The herbalist who captured a market-town mob

Niamh Boyce’s fictional debut – about a 1930s potion seller whose real business is a dark secret – captures small-town Ireland of both then and now

The inspiration for Niamh Boyce’s novel came from a 1942 news clipping from the Leinster Leader, about a herbalist who was arrested for ‘serious offences against girls’. Photograph: Alan Betson

The inspiration for Niamh Boyce’s novel came from a 1942 news clipping from the Leinster Leader, about a herbalist who was arrested for ‘serious offences against girls’. Photograph: Alan Betson

Wed, Jun 5, 2013, 17:19

When author Niamh Boyce was 19, she landed a job archiving the Leinster Leader. One day, she spotted a story “no longer than the width of a thumb” about a court case. Dating from May 1942, the report concerned a “coloured man arrested for serious offences against girls”.

Boyce made no note of it, but despite its brevity, the image of the man – and what he had done – stayed with her. When she began to write almost 20 years later, he doggedly returned to her mind, until she couldn’t ignore him.

Boyce’s debut novel The Herbalist concerns an exotic potion and tincture seller, who arrives in a midlands town and sets up a market stall. Before long the townsfolk, particularly the women, are beguiled by him. A strong cast – a prostitute, an ageing wife desperate for a child, two young girls who suffer similar fates – dominate a story that is sharply rendered, and full of dark humour.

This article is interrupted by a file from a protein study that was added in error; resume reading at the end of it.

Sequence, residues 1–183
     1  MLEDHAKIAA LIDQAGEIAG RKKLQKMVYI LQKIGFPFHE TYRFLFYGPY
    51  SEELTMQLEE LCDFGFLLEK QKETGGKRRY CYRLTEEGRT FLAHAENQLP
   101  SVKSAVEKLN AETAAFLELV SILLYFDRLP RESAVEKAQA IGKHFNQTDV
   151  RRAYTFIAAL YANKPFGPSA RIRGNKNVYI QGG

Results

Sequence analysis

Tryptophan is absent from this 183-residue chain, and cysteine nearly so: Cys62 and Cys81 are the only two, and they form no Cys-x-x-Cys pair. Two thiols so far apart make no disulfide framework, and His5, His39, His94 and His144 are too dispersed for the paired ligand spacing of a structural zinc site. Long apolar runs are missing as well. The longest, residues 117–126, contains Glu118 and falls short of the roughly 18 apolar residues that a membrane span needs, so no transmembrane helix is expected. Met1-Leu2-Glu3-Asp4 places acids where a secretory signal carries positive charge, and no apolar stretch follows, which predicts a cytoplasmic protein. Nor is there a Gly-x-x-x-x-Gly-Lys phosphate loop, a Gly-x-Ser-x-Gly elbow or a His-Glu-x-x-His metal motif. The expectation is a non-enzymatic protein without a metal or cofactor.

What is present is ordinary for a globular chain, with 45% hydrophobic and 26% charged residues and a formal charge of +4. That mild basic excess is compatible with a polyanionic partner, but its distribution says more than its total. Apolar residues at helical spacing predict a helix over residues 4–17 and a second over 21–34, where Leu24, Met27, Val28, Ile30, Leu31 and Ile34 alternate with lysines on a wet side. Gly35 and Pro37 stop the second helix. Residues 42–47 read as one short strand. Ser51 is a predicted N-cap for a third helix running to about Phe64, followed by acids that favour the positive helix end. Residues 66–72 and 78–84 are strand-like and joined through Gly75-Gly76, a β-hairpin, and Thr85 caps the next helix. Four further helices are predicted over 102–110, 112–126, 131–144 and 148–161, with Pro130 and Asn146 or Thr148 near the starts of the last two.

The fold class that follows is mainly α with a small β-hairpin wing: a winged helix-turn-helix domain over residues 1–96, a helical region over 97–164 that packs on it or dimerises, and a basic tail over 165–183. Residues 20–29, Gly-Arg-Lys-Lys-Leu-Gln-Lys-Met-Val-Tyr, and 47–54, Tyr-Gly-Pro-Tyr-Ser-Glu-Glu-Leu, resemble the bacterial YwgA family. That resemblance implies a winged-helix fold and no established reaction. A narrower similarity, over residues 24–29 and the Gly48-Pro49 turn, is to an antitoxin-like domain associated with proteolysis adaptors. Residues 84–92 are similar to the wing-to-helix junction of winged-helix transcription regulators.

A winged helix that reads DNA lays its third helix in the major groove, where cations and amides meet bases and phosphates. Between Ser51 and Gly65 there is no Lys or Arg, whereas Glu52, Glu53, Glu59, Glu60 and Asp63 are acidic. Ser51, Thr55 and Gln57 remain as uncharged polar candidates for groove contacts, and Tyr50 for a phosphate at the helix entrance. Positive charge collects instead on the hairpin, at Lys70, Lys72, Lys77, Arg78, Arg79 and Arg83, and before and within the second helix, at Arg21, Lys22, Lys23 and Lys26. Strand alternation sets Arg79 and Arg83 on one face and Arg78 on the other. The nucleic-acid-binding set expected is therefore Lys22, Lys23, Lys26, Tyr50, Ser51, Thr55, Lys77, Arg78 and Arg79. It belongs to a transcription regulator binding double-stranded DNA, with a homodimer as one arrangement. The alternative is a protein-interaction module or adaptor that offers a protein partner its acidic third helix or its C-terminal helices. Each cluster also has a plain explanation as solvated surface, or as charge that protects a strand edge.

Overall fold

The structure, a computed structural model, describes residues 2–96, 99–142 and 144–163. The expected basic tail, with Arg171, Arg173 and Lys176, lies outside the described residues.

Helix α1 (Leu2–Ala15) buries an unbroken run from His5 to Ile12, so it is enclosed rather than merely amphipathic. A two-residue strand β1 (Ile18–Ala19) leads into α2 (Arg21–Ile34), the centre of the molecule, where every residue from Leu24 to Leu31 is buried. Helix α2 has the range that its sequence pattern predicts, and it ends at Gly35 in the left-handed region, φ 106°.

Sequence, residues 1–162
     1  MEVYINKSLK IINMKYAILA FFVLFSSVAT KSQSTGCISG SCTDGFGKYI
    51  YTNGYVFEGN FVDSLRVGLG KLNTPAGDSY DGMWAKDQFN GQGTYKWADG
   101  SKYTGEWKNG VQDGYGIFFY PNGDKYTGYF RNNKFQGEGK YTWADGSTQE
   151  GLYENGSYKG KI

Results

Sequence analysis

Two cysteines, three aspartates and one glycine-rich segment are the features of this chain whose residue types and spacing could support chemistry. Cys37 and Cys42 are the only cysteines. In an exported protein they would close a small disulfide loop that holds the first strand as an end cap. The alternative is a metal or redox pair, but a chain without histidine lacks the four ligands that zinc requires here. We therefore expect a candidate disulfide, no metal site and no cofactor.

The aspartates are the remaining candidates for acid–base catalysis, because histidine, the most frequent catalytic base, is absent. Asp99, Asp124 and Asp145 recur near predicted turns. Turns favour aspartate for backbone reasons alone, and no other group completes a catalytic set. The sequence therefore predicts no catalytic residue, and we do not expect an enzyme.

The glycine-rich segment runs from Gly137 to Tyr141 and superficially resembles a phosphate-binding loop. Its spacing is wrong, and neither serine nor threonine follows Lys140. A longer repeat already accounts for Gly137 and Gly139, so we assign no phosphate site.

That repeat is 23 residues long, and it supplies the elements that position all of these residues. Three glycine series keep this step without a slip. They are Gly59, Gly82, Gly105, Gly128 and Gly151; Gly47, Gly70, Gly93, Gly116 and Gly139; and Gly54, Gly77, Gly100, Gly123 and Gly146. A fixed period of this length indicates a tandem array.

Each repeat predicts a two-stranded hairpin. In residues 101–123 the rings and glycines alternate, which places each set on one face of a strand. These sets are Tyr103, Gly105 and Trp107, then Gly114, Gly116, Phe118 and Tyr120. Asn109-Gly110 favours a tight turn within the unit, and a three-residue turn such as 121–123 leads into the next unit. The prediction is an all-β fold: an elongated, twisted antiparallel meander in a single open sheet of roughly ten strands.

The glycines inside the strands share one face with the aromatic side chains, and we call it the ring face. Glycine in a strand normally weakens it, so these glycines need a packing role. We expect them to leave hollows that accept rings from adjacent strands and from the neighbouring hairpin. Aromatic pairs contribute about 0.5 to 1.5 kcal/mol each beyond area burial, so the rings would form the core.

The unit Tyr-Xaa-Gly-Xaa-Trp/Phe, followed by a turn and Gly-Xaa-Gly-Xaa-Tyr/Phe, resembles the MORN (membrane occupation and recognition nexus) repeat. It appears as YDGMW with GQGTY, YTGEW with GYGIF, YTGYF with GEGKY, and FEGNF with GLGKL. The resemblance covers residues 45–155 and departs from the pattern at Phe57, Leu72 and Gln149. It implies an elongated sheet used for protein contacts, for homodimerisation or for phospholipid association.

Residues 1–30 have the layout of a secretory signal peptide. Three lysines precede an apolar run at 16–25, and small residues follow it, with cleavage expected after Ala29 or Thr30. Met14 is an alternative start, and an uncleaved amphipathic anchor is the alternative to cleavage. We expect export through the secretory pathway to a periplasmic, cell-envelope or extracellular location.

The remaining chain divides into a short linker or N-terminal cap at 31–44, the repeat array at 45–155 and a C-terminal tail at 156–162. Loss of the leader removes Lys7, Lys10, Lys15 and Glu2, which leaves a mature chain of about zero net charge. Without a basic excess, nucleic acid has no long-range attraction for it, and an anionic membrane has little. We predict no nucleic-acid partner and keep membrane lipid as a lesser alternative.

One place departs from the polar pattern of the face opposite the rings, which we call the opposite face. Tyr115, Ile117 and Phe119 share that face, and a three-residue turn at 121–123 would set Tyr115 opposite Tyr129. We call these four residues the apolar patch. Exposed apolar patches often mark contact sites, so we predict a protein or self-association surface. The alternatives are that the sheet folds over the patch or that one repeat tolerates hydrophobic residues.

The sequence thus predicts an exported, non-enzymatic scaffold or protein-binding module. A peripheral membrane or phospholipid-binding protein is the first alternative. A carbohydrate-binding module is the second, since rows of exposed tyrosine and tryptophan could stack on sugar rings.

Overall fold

Boyce perfectly captures the hysteria in the town’s see-sawing obsession with the herbalist. “The market in the real case was in my home town so I could really visualise him,” she says. “I also thought about [Arthur Miller’s play] The Crucible . . . about mob mentality and how a town can scapegoat someone”.

Boyce stresses that the novel is completely fictionalised, because she was fearful of “trespassing on people’s real lives”. Her story is set slightly earlier, in 1939, and subtly examines the class structures of Irish life, and the sense of predestination that comes with being born into a specific background.

“That structure was still there when I went to school in the 1980s,” says Boyce. “We were all still divided into groups according to whether our parents were farmers or shopkeepers.”

“Emily [a young girl who becomes obsessed with the book’s title character] has no standing and is a nobody. When you live in a small town, before you’re born you’re ‘one of the Kellys’. The day you start school is a new experience, in a new place – but not to the nuns who teach there and know exactly who you are. The herbalist character represents what an outsider can do – he sees Emily in a different way.”


A late starter
Boyce considers herself a late starter as a writer. Born in Athy, she lived in Galway for 14 years, before moving closer to home, in Ballylinan. After jobs as a community development officer and library archivist, she gave up work to have a family (she now works part-time).